[Au] Lauren Arena
The Economist Intelligence Unit (EIU) recently surveyed 1,500 business travellers around the globe to uncover the best ‘bleisure’ destinations in Asia Pacific (APAC), and Tokyo emerged as the top choice.
As the business events industry continues to thrive across the APAC region, the concept of bleisure (the combination of business and leisure) is gaining traction.
The EIU’s inaugural Bleisure Barometer found that ease of transportation is the determining factor when assessing the bleisure experience, followed closely by safety and orderliness of urban areas, and the quality of business facilities. When it comes to preferred leisure activities, culinary experiences won by a large margin, followed by visits to local historical or heritage sites, and going to a museum or art gallery.
These findings are consistent with current incentive travel trends across APAC, where highly localised cultural experiences and farm-to-fork dining options are high on the agenda. For example, global event management company Pacific World launched a new product development programme that focuses on immersive culinary experiences.
Pacific World Global Managing Director Selina Sinclair said this initiative was well received, especially among younger generations of buyers and participants. “Since we launched it in 2017, we saw this trend shaping into an effective communication tool especially in cultures where food is the heart of meaningful gatherings,” she said.
Despite the sheer size of the Japanese capital, which is home to nearly 13.6 million people, Tokyo’s bleisure appeal ranks first out of 26 cities in the region for its urban precision (making it possible to explore the city’s diverse attractions without being overwhelmed), spectacular streetscapes, and culinary reputation. Tokyo is home to some 230 Michelin-starred restaurants, which is more than Paris.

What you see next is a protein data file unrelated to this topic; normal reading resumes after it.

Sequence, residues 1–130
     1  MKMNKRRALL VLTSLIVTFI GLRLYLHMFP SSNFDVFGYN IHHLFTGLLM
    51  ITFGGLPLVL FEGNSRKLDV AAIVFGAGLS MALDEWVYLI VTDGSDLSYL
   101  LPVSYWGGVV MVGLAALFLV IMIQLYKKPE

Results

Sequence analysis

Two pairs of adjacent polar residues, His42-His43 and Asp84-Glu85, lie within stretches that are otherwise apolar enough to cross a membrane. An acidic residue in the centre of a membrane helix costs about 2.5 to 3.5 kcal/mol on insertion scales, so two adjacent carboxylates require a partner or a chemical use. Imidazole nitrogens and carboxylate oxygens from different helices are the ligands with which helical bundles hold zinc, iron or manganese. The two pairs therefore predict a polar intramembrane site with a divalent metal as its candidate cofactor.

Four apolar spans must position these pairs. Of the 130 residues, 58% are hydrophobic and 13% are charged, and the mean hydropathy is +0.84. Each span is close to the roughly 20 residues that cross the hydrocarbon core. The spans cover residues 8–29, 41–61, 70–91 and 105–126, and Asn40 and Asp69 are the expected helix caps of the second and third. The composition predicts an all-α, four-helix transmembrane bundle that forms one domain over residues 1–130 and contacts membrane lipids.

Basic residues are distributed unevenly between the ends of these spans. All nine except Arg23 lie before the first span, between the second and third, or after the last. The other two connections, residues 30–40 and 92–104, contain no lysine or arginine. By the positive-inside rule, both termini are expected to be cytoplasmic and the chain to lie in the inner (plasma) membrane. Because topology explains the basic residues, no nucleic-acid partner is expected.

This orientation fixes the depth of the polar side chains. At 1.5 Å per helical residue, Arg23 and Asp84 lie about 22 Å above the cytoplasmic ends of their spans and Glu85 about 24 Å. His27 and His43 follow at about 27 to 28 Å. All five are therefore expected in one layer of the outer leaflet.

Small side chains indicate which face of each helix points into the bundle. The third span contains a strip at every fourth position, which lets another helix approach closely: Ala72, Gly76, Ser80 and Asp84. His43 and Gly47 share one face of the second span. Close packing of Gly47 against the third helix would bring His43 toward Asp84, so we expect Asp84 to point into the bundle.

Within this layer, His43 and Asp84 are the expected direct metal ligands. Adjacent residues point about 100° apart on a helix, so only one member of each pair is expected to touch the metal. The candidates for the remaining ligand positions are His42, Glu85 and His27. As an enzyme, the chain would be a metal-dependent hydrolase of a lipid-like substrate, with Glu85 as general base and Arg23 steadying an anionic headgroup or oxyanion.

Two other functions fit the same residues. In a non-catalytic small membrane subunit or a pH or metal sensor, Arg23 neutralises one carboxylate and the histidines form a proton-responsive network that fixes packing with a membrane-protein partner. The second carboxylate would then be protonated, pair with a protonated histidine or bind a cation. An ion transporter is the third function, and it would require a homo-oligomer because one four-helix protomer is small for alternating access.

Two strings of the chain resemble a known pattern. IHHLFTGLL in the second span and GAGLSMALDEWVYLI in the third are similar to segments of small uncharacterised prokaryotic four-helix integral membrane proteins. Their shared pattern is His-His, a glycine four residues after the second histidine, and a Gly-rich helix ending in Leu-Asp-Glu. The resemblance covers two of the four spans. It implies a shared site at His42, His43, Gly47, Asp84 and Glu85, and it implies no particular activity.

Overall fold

Major sporting events like the 2019 Rugby World Cup and the 2020 Summer Olympics and Paralympic Games are expected to boost the city’s appeal even further, along with a plethora of new hotels and dedicated venues for events.
Alongside Tokyo, the study ranked Singapore, Sydney, Hong Kong, and Melbourne as five star bleisure destinations that provide the right balance of business activity, high-quality infrastructure, and cultural experiences.
The study found that Asia’s best cities for bleisure are not necessarily its most liveable. Although survey questions were inspired by EIU’s Global Liveability Index, some striking differences emerge. For example, wealthy cities such as Auckland, New Zealand, and Adelaide, Australia, sit atop the list for liveability but underperform on bleisure. Meanwhile, Shanghai and Beijing, while rarely considered easily liveable, show their rising business prowess thanks to rapidly improving business infrastructure.
Naka Kondo, editor of EIU’s Bleisure Barometer report, in a statement said: “Cities in Asia Pacific should take note: facilitating leisure experiences for corporate travellers can be the key to differentiating in a crowded business travel market.
“Some of the top cities in our bleisure barometer are already world leaders in this regard, while others can learn from the best in improving access to the intersection of business and leisure travel in the region,” Kondo said.